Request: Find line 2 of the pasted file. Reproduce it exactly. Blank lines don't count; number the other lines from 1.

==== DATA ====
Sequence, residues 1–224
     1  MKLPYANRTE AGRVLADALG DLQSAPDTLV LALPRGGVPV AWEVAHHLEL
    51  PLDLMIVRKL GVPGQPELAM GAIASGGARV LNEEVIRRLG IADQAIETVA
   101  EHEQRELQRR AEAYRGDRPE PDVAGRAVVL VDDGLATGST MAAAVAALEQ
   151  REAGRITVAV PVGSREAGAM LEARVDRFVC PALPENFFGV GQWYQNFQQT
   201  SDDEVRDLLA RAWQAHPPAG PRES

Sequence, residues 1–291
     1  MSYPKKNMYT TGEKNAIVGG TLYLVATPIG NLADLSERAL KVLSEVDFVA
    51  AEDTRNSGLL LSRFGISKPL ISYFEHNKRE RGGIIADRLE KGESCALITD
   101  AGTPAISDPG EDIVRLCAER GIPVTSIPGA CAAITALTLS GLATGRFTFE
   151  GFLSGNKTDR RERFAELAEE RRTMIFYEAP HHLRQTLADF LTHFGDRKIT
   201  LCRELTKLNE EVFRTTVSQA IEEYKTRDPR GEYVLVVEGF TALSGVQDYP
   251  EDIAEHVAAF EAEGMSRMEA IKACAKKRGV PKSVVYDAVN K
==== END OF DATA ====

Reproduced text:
     1  MKLPYANRTE AGRVLADALG DLQSAPDTLV LALPRGGVPV AWEVAHHLEL